Selling Toys in the Age of Amazon

Guest-writer (1)

TBurns.Cartoon.Pho.toTIMOTHY SCOTT BURNS has launched thousands of new products across multiple digital and traditional platforms. This includes Amazon businesses that generated eight figure revenue streams. Through his own agency, South Pole Digital, he now advises clients on ecommerce strategy, digital marketing and marketplace sales execution (Amazon, eBay, Tim is the author of a soon to be published book, Selling on Amazon – Strategy and Tactics that Help You Succeed a beginner’s guide to understanding the basic concepts of selling on Amazon, and how to succeed there. He can be reached at


Amazon sold 2 million toys last year on Prime Day. At an average price point of $25, that’s $50M in toys…in one day!

If you’ve been following the Top Selling Toys on Amazon the last few months, you might think that fidget spinners are the only thing that kids want these days. And you might be right, since currently 3 of the Top 10 toys on Amazon are fidget spinners, and going just a few weeks back into April, when sellers finally started to receive their inventory and began to satisfy demand, the entire Top 10 toy list on Amazon was fidget spinners.

We all know a hot toy when we see one, and as retailers and manufacturers, we have to take advantage of the opportunity – even when the retail is under $10. But what is really going on here?

Amazon sold 2 million toys last year on Prime Day. At an average price point of $25, that’s $50M in toys…in one day! There will no doubt be Prime Day deals on fidget spinners this year too. Especially because the demand is shrinking and merchants need to move that inventory before the fidget spinner craze completely dies.

Amazon sells over 400 Million unique products through its marketplace. That may sound like a huge number, and it is. In the Toys and Games category, there are about 8 Million unique listings. But whatever individual toy or game you sell, you can be confident that someone, a current retailer/dealer/reseller is already selling your products on Amazon.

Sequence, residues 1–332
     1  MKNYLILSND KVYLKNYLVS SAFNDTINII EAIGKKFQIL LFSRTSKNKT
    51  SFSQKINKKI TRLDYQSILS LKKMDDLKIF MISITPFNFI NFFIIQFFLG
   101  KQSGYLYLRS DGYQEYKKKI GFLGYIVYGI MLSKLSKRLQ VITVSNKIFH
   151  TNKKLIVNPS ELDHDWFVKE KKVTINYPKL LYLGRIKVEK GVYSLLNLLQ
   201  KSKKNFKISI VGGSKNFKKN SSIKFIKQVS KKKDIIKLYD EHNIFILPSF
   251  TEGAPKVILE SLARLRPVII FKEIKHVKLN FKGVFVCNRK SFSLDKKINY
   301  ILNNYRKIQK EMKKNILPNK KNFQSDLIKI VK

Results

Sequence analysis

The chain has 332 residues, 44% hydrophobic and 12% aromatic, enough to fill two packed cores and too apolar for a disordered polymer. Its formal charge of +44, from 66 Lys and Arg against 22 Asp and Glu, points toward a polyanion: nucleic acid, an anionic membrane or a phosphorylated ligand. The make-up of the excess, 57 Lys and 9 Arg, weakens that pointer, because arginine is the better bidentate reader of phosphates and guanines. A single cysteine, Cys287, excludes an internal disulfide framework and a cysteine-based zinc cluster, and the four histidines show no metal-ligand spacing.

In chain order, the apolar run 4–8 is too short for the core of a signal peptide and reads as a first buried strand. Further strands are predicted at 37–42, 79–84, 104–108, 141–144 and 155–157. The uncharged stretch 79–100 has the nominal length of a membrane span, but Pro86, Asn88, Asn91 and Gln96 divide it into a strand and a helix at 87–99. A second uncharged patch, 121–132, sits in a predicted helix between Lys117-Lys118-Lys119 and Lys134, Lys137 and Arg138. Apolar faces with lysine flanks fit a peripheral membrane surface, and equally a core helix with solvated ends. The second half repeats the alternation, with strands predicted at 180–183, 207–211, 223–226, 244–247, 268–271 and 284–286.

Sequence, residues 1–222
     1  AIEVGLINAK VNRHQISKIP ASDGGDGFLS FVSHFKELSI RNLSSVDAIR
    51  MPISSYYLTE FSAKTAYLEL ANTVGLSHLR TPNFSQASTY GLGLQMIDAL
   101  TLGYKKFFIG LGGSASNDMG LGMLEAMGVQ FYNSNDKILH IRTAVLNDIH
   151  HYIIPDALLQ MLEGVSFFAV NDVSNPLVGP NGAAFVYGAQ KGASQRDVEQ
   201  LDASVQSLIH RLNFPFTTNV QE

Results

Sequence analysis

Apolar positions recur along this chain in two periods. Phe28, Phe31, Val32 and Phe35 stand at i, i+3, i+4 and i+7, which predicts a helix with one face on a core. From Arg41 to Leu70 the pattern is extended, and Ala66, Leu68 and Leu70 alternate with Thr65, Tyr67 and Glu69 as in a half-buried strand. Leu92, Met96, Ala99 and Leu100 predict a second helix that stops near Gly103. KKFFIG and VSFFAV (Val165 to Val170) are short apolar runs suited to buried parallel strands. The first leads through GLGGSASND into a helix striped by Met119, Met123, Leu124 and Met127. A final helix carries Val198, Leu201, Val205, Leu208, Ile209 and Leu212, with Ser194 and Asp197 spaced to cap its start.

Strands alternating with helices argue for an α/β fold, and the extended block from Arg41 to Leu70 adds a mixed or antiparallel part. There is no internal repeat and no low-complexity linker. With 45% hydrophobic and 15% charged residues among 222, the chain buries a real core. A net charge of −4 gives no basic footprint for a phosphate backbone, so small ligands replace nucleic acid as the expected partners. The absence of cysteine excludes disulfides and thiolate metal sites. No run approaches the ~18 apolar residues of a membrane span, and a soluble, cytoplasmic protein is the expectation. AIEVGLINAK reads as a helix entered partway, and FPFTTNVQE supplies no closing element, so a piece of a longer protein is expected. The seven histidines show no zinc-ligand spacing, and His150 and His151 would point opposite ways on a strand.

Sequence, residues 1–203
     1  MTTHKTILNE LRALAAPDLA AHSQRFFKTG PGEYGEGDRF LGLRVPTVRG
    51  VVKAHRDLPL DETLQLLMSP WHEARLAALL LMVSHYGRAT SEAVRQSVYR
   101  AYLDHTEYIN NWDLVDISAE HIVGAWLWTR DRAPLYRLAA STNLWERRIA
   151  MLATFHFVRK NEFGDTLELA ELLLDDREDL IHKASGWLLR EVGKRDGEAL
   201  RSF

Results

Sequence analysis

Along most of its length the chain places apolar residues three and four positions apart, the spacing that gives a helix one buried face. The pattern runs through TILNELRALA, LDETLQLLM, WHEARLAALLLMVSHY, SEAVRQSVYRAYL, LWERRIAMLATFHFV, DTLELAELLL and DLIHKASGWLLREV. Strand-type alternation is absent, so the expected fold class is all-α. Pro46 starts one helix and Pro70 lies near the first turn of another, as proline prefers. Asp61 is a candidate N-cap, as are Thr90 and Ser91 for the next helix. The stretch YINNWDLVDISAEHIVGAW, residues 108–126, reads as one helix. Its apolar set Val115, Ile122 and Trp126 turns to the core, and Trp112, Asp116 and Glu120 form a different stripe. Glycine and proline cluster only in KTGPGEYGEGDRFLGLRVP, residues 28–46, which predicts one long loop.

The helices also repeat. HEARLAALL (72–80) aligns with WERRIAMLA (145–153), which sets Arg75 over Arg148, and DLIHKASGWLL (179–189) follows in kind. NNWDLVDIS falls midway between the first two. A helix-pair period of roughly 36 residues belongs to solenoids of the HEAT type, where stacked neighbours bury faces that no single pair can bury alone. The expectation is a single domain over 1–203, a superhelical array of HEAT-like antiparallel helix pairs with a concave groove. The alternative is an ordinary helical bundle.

I see the supplier/manufacturer point of view. You make a product. You sell that product. You sell it a lot of different places. You have many different relationships. Maybe your product is in big box retailers like Toys R Us and Target, but you also do well with specialty retailers like catalogs and with a few regional niche resellers. You may even sell that toy in grocery stores like Wegmans or Trader Joes. But I think selling to Amazon is different. They are not just another retailer.

It’s not about size. It’s not about reach. It’s not about price. It’s not about service. It’s not about convenience. All those different markets you sell your toy or game through already compete on those pieces of the value chain. What is different about Amazon is – control. Amazon has all those things – size, reach, price, service, convenience. They offer the widest selection of products, to the entire world (well almost) at the lowest prices all delivered for free (almost) in two days. The bar is really high from a competitive standpoint. And because of that – Amazon has control.

Seeing your products sold on Amazon is often followed by a loss of control. Maybe that is not all that important to you? I don’t know. But understand that Amazon now exerts influence over all the other “traditional” channels you sell through. Consumers showroom your products. They shop prices on their mobile devices, and that starts with Amazon. Customers read reviews – reviews from Amazon customers – about your products when in the store or on other websites or flipping through catalogs. Amazon controls all that media related to your product.

It’s not necessarily a bad thing. It’s just something to consider when you are chasing that six-figure purchase order that Amazon is dangling in the wind.

Oh – and your current retailers probably hate the idea of selling direct to Amazon. We can talk more about that later.

If you have any questions, or need help with your marketplace strategy you can contact me at

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